Probability of transition is dPki/dt = Bkiρ(ν)

dPki/dtis the probability per second of the excited molecule emitting a photon

Bki is the Einstein coefficient of induced emission

slide5

Absorption and Emission of radiation

Relation between Bik and Bki:

The Einstein coefficients of induced absorption and emission are directly related through the degeneracy, gx, of each level x:

Bik = (gk/gi) Bki

In the case where each level has the same degeneracy (gi = gk), the Einstein coefficients of induced absorption and emission are identical

– in other words, the probability of induced emission is the same as that of induced absorption

How can we make practical use of induced emission?

slide6

Population inversion

Population inversion

A system with a population inversion is not in thermal equilibrium; populations of energy levels are not governed by the Boltzmann distribution

IF we can alter the population distribution so that more molecules are in higher energy levels rather than lower energy levels, this is called population inversion.

With a population inversion, photons passing through the gain medium will be amplified (by induced emission) rather than attenuated (by induced absorption).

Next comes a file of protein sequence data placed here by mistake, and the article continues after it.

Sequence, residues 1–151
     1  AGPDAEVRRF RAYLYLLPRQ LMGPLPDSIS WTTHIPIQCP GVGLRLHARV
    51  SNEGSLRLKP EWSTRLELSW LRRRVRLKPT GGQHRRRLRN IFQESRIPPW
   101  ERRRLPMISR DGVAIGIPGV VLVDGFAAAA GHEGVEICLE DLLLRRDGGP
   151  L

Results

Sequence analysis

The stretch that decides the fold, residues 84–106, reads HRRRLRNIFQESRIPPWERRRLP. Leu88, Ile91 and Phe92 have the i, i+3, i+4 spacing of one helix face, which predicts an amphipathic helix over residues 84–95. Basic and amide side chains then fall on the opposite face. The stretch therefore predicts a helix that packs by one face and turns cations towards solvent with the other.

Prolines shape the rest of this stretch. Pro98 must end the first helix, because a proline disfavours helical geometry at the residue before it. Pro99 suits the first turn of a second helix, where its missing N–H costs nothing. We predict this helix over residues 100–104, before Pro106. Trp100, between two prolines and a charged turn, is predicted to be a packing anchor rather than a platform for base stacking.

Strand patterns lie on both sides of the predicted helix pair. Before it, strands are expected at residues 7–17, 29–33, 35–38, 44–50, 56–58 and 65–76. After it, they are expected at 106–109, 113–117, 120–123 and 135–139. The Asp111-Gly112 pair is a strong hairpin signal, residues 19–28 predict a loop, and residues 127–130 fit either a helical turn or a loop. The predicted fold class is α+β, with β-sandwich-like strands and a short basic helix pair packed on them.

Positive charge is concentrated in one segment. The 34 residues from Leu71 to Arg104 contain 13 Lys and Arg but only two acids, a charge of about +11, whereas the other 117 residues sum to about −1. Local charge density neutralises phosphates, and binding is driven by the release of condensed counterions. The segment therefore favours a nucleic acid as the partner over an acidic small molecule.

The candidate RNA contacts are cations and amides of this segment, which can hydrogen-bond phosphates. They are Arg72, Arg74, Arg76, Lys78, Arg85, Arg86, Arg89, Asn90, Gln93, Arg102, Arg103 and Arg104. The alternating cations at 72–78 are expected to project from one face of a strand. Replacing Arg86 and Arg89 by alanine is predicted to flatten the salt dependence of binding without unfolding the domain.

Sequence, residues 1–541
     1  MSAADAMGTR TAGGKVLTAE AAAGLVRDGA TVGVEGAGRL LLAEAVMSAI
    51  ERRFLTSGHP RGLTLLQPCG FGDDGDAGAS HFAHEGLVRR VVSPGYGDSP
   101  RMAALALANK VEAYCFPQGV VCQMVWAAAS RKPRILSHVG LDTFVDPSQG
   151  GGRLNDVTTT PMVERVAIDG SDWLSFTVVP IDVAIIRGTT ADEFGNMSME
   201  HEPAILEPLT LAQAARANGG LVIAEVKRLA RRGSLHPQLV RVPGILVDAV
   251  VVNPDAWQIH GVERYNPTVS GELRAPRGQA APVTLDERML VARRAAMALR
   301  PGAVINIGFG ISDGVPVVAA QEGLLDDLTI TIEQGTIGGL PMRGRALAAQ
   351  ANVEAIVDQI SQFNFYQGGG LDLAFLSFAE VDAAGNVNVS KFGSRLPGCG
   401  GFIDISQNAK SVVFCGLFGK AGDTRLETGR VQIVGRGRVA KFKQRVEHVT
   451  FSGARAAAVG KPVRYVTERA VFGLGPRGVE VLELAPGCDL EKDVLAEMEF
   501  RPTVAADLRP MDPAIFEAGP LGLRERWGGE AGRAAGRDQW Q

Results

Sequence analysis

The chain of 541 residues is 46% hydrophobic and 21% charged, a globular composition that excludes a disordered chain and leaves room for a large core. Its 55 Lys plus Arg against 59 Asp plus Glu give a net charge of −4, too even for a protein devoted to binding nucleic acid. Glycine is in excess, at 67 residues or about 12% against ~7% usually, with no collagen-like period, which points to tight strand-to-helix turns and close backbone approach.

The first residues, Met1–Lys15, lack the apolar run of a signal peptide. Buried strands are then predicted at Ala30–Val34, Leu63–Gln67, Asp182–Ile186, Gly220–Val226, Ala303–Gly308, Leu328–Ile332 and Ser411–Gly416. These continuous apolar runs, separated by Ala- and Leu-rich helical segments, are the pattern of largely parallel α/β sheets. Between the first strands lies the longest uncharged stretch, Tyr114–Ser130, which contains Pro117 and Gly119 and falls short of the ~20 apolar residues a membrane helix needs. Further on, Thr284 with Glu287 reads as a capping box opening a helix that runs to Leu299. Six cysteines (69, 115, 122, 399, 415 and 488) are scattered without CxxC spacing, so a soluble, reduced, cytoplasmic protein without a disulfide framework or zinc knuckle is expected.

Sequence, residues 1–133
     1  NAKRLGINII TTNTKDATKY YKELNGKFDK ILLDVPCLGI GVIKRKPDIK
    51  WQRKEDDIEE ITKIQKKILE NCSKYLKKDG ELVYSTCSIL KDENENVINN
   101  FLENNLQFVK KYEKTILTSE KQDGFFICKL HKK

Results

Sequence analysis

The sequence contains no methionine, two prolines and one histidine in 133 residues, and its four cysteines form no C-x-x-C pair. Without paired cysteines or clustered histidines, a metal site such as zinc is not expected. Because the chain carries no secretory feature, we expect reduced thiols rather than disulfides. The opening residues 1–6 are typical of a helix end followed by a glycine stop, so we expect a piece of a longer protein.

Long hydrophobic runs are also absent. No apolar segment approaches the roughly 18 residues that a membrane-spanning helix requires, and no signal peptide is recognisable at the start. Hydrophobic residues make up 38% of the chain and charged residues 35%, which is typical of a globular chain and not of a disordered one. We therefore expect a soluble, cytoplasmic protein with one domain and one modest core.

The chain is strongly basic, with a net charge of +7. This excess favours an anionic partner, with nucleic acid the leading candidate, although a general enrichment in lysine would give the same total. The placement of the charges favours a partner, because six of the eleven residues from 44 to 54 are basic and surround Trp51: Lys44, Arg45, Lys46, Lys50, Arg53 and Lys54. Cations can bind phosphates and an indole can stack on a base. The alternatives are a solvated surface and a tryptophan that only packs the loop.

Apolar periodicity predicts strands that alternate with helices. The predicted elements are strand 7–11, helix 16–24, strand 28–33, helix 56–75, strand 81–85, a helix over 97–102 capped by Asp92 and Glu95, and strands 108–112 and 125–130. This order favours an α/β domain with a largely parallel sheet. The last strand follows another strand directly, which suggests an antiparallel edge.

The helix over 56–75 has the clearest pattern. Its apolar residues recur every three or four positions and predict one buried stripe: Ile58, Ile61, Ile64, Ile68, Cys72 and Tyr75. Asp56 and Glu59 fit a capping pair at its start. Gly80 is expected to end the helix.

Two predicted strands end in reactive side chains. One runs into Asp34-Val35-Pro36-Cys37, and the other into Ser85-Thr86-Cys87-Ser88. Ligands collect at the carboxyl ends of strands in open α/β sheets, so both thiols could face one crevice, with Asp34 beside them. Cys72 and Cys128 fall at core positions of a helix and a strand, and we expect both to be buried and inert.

slide7

Population inversion

A resonator or cavity (produced by the two mirrors) is used to achieve selective feedback of some of the cavity modes in the cavity – that is, photons that travel on the axis between the mirrors are preferentially amplified over photons going in different directions:

slide8

Threshold condition

Threshold condition

The probability of stimulated absorption and emission depends on the populations of the upper and lower states. With Ni molecules in level Ei and Nk molecules in level Ek , the intensity after distance z is:

I = I0e–α z

where I0 is the initial intensity and the absorption coefficient, α, is:

Here σ is the absorption cross-section and is related to Bik

α = [Ni – (gk/gi) Nk] σ

When a population inversion exists (Nk> Ni) the intensity after distance z is greater than the initial intensity (I> I0).

However, we also need to consider

other photon losses in the cavity

slide9

Threshold condition